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November 30, 2015

A Moving Meditation: Why We Cry in Yoga.

Flickr/Axel Naud

My aunt will be 59 in January. She has recently taken up yoga.

I am a yogi, and since she’s taken up the practice, she’ll send me Facebook messages about her most recent experiences in class—what she loves, what she struggles with and what she has questions about.

Last week’s message was my favorite:

“How common is it to cry during Vinyasa? I’ve had five—count ‘em five—classes where I have left with red eyes. At the last one, after finishing a restorative yoga class and laying in the most vulnerable of positions, the instructor played “Imagine” by the Beatles—I lost it.”

My response:

It can be pretty common. It didn’t happen to me for a long time, but eventually—as I began to soften and crack open in other areas of my life—the tears began to flow through those cracks in my practice.

The physical yoga practice is water for the soul—the oil for our machine. It’s what nourishes that tiny piece of raw love in all of us that’s moist and pink and fleshy—that piece that keeps us alive—our heart.

Yoga is a mind, body and spirit practice. We are moving, twisting and stretching emotions that lay dormant, or stuck, in our bodies. This is how yoga differs from other forms of exercise and sport—it’s an inward journey propelled by our own physical body in our outward, public asana (yoga practice).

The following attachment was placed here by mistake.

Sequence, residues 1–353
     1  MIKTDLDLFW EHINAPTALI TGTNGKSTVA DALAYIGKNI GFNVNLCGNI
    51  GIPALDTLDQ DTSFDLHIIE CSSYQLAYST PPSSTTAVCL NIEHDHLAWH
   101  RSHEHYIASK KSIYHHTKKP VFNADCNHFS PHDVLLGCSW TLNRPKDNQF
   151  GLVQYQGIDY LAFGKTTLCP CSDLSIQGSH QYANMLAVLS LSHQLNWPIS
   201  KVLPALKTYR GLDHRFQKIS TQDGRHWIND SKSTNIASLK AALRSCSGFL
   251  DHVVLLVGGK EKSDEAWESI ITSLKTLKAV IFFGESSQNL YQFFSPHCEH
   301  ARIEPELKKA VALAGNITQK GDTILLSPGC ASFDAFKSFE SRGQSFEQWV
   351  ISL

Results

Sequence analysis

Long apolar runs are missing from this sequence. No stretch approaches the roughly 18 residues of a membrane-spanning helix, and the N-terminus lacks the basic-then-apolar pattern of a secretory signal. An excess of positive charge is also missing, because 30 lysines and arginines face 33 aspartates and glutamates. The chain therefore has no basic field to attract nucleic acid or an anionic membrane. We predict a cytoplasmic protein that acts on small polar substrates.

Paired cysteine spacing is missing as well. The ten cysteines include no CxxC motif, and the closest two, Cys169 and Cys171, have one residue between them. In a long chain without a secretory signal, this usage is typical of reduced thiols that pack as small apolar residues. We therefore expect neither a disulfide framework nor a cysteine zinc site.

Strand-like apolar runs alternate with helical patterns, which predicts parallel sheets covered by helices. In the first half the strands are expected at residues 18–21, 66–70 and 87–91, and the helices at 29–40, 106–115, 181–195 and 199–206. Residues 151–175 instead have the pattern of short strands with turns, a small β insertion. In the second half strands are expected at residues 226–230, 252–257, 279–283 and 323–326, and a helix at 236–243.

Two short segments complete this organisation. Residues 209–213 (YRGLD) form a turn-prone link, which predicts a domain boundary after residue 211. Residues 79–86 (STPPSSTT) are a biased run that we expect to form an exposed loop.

How I’ve come to perceive the emotional piece that can show up in asana is the way in which it differentiates itself from sport. In sport, we are releasing and expending energy—either into the ground, into a ball or into our racket or stick. Whatever the sport is doesn’t matter. We are, in some way, directing our energy—which is full of emotions with frequencies—elsewhere.

In yoga, we move with these emotions.

We don’t get to shoot them into a net, or leave them behind us on the trail. We intentionally release and expend our emotional energy into the mat, which then cycles back through us every time we come back in contact with it.

Yoga is a moving meditation.

While a sitting meditation is a practice in stillness and quieting the mind, yoga is a practice in moving with our thoughts. Yoga is a short-circuit physical practice—we release energy and gain it back with every inhale and exhale—the refuel is immediate.

When we practice yoga in a class with other students, we are all doing the same routine and sharing the same breath with each other. This means that we may all be releasing emotions with the same energetic frequency, because we’re moving and breathing together. Therefore, we’re much more likely to pick up on someone else’s emotions, when they’re vibrating at the same frequency as our own.

Our emotional sensitivity can potentially increase 10-fold, depending on how deeply we drop into our practice. The tears that flow through our cracks during our practice may not be all our own. They may in fact be, wet empathy.

Yoga is so much more than the sum of its parts, but in its physical part—the asana—we can intensely experience this liquid compassion.

Those wet and salty tears remind us that we’re alive—that we still hold in our bodies, that moist and pink and fleshy piece of raw love. Our big, beating heart.

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Relephant: 

Yoga is Where I Let the Healing Tears Flow.

Crying in a Yoga Class.

 

Author: Savannah Robinson

Editor: Yoli Ramazzina

Photo: Flickr/Axel Naud

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Savannah Robinson